3 misconceptions about location-based services


The introduction of Pokémon Go and its viral location-based gameplay success is a prime example of how vital accurate and precise location is to application engagement.

By using real-world places and digital characters as an overlay, players enjoy a truly hyperlocal experience. This experience is enhanced even more with local shops and restaurants using in-app features to attract new customers off the street when using the game.

Even though 83 percent of app users say location is crucial to their app experiences, it is astounding that more than half of location-dependent app users have not turned their location services on – even for things as basic as weather and navigation apps. This may be due to multiple outdated myths surrounding location services.

Below are three of the most common misconceptions about location services.

1. Location services are always on
One of the most persistent myths about location data is that smartphones are tracking location without the user’s consent or knowledge – and that Big Brother is somehow watching every move. This is not the case.

No matter which operating system a smartphones uses, whether it is iOS or Android, users are always prompted to determine whether or not they want an app or their device to use their location. Both systems also allow users to turn location services off completely.

2. Location data is unhelpful
Many users believe that sharing their location data does not result in any helpful notifications. This is where app publishers need to ensure that they are using location data in a way that provides real value.

App publishers must be better about developing location-based content and context to enhance app user interface. One way they can do this is by supplying relevant in-app modes to anticipate what users will need at a time and specific location.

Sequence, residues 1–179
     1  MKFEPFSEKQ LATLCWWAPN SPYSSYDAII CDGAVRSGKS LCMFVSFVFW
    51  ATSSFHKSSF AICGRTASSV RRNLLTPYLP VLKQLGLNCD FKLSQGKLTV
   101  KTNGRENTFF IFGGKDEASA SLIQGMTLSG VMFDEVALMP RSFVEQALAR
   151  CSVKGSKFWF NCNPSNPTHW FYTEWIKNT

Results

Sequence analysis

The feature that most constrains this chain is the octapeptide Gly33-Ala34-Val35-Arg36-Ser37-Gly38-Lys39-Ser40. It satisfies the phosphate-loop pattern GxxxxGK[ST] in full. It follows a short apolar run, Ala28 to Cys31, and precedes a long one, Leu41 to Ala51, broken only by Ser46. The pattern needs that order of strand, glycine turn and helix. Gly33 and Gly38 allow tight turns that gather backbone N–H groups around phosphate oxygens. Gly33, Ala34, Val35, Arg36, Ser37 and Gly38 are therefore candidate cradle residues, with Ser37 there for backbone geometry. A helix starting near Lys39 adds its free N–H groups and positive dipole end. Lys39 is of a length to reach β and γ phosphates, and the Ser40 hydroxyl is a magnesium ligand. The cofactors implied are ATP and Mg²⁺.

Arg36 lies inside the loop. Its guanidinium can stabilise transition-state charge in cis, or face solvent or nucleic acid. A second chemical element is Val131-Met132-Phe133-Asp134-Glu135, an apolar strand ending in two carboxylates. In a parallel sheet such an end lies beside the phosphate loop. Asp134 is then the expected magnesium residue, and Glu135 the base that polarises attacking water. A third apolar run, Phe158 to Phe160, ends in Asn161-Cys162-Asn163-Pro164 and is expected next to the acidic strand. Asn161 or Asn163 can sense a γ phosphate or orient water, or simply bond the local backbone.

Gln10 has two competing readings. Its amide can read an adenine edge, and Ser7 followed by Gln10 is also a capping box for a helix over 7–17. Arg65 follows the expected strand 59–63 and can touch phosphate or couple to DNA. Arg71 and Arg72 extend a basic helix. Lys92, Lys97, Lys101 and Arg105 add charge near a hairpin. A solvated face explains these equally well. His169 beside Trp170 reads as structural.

For example, apps from brands such as Walmart, Gasbuddy and Snap Inc. all use location-based features to benefit their users.

In addition to bolstering user engagement, location services also inform user experience design.

Developers must understand what it is their users will be doing in specific use cases and locations in the real world.

To get that level of understanding, developers must rely on insights about where users go and why they go to those places.

Accurate location helps developers make experiences more relevant since they are able to analyze and categorize the frequency in which their user base goes to a store or types of venues.

3. Location data infringes on user privacy
Privacy is a top concern for many users when it comes to location services. They view sharing their location as a way for advertisers to get ahold of their personal data.

As a matter of fact, publishers do not need to give away user information to increase the value of their ad inventory and to deliver relevant content.

By using location data that has been volunteered by users, publishers are able to build contextual, anonymous segments or personas of their audiences. This is then combined with demographic data – such as education, gender and age – as well as behavior patterns based on where users go.

Publishers then leverage this information to provide relevant content to users based on their location without any uniquely identifiable information.

LOCATION SERVICES are essential to both consumers and app publishers to create the most relevant user experience. These now-defunct myths should not deter users from turning location services on.

By sharing this data, apps can be used to their full potential since they can tap location to send out reminders, share deals or pull up relevant app features.

Finally, app publishers must make the effort to share both relevant and targeted information to users based on location insights. The result: a continuous improvement to app experiences across any vertical.

This article first appeared in www.luxurydaily.com

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About Author

David Bairstow

David Bairstow is vice president of product at Skyhook Wireless

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